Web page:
Justices offer split views on Voting Rights Act enforcement
WASHINGTON (CNN) — A predictably divided Supreme Court appeared ready to strike down – at least in part – the key enforcement provision of the landmark Voting Rights Act of 1965, with many conservative justices on Wednesday suggesting it was a constitutionally unnecessary vestige of the civil rights era.
Known as Section 5, it gives the federal government open-ended oversight of states and localities mostly in the South with a history of voter discrimination.
Any changes in voting laws and procedures in all or parts of 16 covered states must be “pre-cleared” with Washington. That could include something as simple as moving a polling place temporarily across the street.
The provision was reauthorized by Congress in 2006 for another 25 years and officials in Shelby County, Alabama, subsequently filed suit, saying the monitoring was overly burdensome and unwarranted.
In a tense 80 minutes of oral arguments, Justice Sonia Sotomayor asked why the court would rule “in favor of the county that is the epitome” of what caused the law to be passed in the first place.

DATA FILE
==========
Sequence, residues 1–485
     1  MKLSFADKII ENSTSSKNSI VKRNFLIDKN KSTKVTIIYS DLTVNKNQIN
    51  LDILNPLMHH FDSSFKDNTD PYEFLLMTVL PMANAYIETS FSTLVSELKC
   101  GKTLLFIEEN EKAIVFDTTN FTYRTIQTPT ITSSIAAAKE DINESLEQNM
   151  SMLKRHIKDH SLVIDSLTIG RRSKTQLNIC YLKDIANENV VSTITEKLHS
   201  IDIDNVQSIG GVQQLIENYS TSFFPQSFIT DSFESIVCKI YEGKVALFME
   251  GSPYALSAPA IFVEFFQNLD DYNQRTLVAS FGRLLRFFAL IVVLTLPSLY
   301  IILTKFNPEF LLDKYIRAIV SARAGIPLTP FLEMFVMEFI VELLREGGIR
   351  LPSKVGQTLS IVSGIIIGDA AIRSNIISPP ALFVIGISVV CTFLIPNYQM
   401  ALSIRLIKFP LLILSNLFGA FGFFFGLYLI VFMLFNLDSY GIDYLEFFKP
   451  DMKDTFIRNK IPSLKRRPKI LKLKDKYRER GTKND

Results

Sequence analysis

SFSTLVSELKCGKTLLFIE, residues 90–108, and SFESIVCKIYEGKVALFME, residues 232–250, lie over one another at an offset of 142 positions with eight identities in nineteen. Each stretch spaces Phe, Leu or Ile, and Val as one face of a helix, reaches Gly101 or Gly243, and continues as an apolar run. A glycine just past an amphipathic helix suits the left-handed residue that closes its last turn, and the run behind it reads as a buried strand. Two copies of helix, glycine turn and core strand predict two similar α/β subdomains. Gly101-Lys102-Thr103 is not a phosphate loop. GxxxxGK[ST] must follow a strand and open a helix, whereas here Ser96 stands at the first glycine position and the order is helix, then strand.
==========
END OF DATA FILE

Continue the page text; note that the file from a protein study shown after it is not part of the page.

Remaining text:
Her three reliably liberal colleagues appeared to support continued use of the coverage formula run by the federal Justice Department.
But Justice Samuel Alito wondered why some states were subject to oversight and not others.
“Why shouldn’t it apply everywhere in the country,” he asked. The other four more conservative justices had tough questions for the Obama administration’s positions.
This case will be one of the biggest the justices tackle this term, offering a social, political, and legal barometer on the progress of civil rights in the United States and the level of national vigilance still needed to ensure minorities have equal access to the election process.
A ruling in this appeal is expected by June.
The case is Shelby County v. Holder (12-96).